cityplace proposal

Toronto man proposes with giant letters in the snow but it nearly didn't go to plan

A Toronto man proposed to his girlfriend in the biggest way he could with giant red letters visible from 50 storeys up but it nearly didn’t go to plan.

Toronto resident Jonathan Travaglio tells blogTO he had the idea to propose by writing huge letters snow a few months ago. He wanted to do something special but with lockdowns still happening, options were limited.

"You can't really go to places you can't really fly somewhere else, even when restaurants are closed," he says.

So on Sunday, Travaglio and his girlfriend Zara Bagramian went out while his brother and brother-in-law set to work writing the huge letters in the snow in an illuminated soccer field at Canoe Landing Park. It took over an hour to write the words "Marry Me."

"My brother-in-law does a lot of construction work," Travaglio says. "So he's really very diligent when it came to measuring out the letters and making sure everything was even."

But a spelling error was noticed from people in the buildings surrounding the park — instead of Marry, Travaglio’s brother wrote Merry. Eventually, someone went down to the field and told him.

"That made his heart sink, he spent the next 30 minutes or so scraping out the snow to replace it," he says.

The letters were painted with a construction-type red paint.

Fortunately, the letter was fixed in time and Travaglio and Bagramian returned home to their place on the 50th floor to see the giant question etched in the snow.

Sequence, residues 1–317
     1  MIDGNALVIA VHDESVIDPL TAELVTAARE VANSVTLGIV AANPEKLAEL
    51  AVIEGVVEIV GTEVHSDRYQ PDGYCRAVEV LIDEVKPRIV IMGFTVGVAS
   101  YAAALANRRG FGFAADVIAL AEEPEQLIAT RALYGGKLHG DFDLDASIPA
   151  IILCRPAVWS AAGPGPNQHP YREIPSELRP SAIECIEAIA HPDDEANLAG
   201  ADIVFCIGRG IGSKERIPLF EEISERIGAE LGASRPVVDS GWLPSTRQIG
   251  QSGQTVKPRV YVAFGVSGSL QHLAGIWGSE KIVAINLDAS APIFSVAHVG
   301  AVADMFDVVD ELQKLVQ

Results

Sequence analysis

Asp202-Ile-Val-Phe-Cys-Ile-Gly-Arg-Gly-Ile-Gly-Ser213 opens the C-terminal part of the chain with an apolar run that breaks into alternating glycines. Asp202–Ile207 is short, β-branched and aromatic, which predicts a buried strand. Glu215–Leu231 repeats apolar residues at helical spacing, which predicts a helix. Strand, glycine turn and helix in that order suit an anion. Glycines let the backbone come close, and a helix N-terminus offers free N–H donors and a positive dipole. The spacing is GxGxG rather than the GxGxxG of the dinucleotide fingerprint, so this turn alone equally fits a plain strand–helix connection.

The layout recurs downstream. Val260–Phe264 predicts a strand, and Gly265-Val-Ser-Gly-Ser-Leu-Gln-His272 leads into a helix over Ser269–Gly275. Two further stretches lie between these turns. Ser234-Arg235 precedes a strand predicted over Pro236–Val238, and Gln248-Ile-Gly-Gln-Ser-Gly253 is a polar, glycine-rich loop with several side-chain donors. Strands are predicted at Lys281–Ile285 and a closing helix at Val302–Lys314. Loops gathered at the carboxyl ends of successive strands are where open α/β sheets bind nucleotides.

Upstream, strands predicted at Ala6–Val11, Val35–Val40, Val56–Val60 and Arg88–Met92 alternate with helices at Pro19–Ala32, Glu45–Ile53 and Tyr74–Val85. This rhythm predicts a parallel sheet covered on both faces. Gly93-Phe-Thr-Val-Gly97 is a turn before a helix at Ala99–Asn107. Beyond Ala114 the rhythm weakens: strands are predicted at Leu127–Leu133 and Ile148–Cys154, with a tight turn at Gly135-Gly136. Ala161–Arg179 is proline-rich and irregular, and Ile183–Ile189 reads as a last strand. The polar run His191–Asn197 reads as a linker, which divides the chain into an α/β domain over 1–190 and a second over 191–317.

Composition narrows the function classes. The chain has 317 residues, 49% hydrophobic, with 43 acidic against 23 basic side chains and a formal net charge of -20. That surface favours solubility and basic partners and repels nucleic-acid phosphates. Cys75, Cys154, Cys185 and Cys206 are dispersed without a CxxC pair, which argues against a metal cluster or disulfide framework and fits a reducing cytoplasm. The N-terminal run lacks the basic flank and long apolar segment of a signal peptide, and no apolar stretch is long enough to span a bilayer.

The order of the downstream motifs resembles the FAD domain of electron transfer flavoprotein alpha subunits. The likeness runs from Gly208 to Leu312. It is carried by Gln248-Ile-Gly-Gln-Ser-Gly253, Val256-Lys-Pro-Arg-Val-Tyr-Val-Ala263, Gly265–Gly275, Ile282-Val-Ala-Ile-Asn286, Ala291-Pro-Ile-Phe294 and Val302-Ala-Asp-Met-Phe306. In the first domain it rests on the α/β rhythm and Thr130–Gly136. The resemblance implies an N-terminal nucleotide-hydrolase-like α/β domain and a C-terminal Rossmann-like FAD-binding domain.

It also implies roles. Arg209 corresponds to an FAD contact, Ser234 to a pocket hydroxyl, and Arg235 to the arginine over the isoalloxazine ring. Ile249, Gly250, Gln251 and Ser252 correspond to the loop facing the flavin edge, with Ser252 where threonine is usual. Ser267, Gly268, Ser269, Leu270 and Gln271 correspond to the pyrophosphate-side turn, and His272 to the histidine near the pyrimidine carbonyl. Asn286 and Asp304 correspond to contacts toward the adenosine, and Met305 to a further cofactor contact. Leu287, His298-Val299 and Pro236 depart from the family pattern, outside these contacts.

At first, Bagramian thought Travaglio was joking around when she saw him get down on one knee because that is something he would do.

"She was like, instinctively was like,'yeah, okay' but as she turned around, she saw the [ring] box," he says.

Then she realized the proposal was for her and at first she was in shock. The shock quickly turned to happiness as she loved the huge gesture, he says.

The giant letters also caught the attention of several residents in the buildings that surround the park. One posted in the CityPlace Toronto Facebook group and many wondered if the person said yes.

"There was just like a ton of speculation about what was happening," says Travaglio. Some people even wondered if she had said no.

"I didn't respond back to the thread when I was reading these because I was just enjoying the speculation," he says. "I didn't respond until the next day."

But Bagramian said yes, and the post was flooded with congratulations.

"There's a happy ending," he says.

Lead photo by

Jonathan Travaglio

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